India: Delhi High Court rules on role of intermediaries
Online marketplaces established by e-commerce portals claiming to be intermediaries have come under scrutiny from the Delhi High Court. The portals currently enjoy immunity under safe harbour provisions laid out in the Information Technology (IT) Act, 2000. This was examined by a single judge of the Delhi High Court in a series of cases brought by Christian Louboutin SAS, Luxottica Group SPA, Skullcandy Inc and L'Oreal. The Court looked at the practices followed by e-commerce portals in selecting and enrolling sellers on their platform. Further, it examined if such practices made them an active participant or an intermediary. The brand owners in each of the cases listed below questioned the role played by the e-commerce operator in the sale of counterfeit goods on its platform.
Christian Louboutin SAS v Nakul Bajaj and Ors. [CS (COMM) 344/2018] on November 2 2018;
Luxottica Group S.P.A. and Ors. v Mify Solutions Pvt. Ltd. and Ors. [CS (COMM) 453/2016] on November 12 2018;
Skullcandy Inc. v Shri Shyam Telecom and Ors. [CS (COMM) 979/2016] on November 12 2018; and
L'Oreal v Brandworld and Ors. [CS (COMM) 980/2016] on November 12 2018
According to Section 2(w) of the Information Technology (IT) Act, 2000, an intermediary is defined as any person who on behalf of another person receives, stores or transmits a particular electronic message or provides any service with respect to that message. This definition includes online marketplaces and online auction sites.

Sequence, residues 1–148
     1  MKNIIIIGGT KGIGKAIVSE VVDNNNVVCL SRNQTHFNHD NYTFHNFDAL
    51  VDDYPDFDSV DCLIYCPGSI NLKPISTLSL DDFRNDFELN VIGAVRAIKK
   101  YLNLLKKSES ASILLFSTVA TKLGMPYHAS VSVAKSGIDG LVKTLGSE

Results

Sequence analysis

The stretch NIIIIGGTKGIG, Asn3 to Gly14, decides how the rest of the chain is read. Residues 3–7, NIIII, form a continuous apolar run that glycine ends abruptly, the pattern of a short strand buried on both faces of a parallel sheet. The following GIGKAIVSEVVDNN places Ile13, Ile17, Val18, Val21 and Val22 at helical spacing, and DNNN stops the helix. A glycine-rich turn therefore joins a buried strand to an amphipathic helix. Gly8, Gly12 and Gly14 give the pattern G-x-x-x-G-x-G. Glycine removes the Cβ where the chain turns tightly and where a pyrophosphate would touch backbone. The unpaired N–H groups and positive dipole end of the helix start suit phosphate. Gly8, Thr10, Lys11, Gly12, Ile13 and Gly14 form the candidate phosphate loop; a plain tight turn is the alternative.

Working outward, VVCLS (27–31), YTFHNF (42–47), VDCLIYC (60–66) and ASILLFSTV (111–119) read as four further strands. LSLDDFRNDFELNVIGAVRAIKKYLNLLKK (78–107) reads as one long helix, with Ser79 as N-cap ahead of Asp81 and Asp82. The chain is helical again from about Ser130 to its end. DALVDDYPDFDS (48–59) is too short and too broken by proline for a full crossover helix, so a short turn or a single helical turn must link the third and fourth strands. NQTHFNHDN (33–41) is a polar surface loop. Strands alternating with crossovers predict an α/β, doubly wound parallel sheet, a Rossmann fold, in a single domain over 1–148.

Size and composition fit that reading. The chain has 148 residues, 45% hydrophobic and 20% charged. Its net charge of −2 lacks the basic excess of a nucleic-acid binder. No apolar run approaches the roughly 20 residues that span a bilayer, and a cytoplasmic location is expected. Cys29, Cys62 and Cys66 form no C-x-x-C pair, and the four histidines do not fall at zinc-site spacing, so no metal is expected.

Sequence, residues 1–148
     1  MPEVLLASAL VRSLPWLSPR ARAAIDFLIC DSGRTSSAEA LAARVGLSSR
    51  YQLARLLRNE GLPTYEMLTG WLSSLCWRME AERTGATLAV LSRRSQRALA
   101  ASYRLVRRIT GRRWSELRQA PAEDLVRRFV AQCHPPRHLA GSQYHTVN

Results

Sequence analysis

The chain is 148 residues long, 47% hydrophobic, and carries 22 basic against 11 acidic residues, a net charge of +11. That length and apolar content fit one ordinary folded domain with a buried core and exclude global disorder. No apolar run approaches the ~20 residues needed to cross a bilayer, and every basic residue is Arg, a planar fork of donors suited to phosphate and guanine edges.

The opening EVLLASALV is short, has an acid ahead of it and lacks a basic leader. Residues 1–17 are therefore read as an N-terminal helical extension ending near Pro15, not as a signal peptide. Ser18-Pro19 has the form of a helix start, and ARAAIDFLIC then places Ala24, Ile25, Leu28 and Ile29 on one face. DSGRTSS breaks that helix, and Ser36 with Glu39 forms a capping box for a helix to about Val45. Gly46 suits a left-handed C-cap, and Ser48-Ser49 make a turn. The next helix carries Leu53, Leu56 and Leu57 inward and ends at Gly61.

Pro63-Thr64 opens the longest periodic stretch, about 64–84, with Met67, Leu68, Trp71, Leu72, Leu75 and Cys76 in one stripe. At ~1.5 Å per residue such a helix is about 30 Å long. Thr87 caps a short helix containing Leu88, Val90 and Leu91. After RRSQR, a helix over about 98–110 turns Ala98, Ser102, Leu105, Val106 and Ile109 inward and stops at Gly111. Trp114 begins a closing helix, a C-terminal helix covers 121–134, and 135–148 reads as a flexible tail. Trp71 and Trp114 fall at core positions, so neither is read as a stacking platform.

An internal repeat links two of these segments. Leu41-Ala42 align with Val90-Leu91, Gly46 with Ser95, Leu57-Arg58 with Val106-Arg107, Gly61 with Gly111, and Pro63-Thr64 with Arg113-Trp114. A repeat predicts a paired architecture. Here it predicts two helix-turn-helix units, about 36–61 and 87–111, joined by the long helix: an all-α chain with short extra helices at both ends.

Section 79 of the IT Act 2000 exempts intermediaries from liability in certain cases where they are merely a reservoir of information or third-party data and do not initiate, select or modify the transmission or the information contained in the transmission, or select the recipient of the transmission.
The duties of an intermediary include observing due diligence, the disabling or removal of unlawful content from its portal upon receipt of actual knowledge and not conspiring in, abetting, aiding or inducing the commission of the unlawful act.
The Court examined the procedure followed by e-commerce portals in enrolling the seller and executing the order placed on the platform and set out 26 actions. If most or all of these are performed by online marketplaces in the course of their business along with failure to observe due diligence, e-commerce portals will be taken out of the safe harbour of Section 79 of the IT Act, 2000 and considered active participants. In other words, they will no longer be treated as intermediaries in online transactions between buyer and seller. They will therefore be liable for unlawful acts/activities, including IP violations. The 26 actions are listed below:
1. identification of the seller and providing the details of the seller;
2. providing transport for the seller to send his product to the platform's warehouse;
3. uploading the entry of the product;
4. providing quality assurance after reviewing the product;
5. providing authenticity guarantees;
6. creation of the listing of the said product;
7. providing reviews or uploading reviews of the product;
8. enrolling members upon payment of membership fees;
9. promoting the product among its dedicated database of customers;
10. advertising the products on the platform;